Objective: To explore the long-distance mothering strategies of migrant women living in urban slums in Nairobi, Kenya. Background: Throughout sub-Saharan Africa, migration has had a profound influence on family life. As women's migration increases, particularly to urban slums, mothers may choose to live apart from children, fostering them to kin. Though fostering is common in many African countries, the unique characteristics of separation due to maternal migration may result in development of long-distance mothering strategies to maintain mother–child relationships over time and space. Method: Forty-seven in-depth interviews with mothers living in two Nairobi slums were analyzed to explore key strategies women use to maintain relationships with children who live elsewhere, examining the importance women place on sustaining relationships through financial and emotional support, and whether long-distance mothering is sufficient. Results: Efforts to maintain mother–child relationships over time and space are integral to many migrant women's understanding of themselves as mothers. Commitments to provide financially, as well as frequent communication and visits to ensure emotional well-being of children, are described as key strategies to sustain relationships, whether separations are short term or permanent. For many mothers, however, these long-distance efforts are viewed as insufficient forms of mothering, even in a context where child fostering is relatively normalized. Conclusion: These long-distance strategies may reflect a more nuanced approach to fostering or greater flexibility in fostering arrangements when mothers migrate, where frequent contact and financial support play an important role in maintaining mother–child relationships rather than shifting emotional and financial care to foster parents.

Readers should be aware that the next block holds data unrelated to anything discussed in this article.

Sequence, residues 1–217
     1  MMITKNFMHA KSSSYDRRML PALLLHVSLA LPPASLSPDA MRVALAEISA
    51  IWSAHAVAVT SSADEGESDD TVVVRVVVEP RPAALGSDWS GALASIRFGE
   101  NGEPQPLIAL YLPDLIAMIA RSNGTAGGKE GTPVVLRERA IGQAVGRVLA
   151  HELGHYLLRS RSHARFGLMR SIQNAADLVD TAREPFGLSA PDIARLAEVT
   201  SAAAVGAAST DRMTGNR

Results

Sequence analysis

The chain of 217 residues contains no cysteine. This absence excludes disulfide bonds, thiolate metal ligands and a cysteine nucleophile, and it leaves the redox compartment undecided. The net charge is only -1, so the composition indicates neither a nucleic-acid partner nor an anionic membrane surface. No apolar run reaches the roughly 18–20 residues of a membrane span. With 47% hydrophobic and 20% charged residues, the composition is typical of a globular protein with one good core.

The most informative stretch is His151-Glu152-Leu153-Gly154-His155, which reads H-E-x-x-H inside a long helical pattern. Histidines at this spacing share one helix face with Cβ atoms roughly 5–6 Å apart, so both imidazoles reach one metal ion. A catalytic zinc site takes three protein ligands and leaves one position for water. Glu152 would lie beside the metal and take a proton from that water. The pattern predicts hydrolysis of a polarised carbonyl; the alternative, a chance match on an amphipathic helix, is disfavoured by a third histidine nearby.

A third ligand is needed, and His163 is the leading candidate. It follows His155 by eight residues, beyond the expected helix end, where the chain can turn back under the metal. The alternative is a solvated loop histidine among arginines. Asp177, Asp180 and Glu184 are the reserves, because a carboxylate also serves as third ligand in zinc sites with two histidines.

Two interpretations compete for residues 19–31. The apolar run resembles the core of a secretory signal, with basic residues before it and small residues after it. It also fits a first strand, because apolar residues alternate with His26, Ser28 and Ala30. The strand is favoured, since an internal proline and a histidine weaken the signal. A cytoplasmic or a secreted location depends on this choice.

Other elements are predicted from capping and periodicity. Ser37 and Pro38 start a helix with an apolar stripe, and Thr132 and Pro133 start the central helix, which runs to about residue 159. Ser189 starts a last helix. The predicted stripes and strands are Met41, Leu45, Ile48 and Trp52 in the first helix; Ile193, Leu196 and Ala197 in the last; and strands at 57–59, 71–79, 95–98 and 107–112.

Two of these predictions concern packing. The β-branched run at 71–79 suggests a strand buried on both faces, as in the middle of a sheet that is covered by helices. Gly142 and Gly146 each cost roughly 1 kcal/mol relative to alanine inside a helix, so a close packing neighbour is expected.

- child care
- parent–child relationships
- qualitative methodology
- urban families
ASJC Scopus subject areas
- Arts and Humanities (miscellaneous)
- Social Sciences (miscellaneous)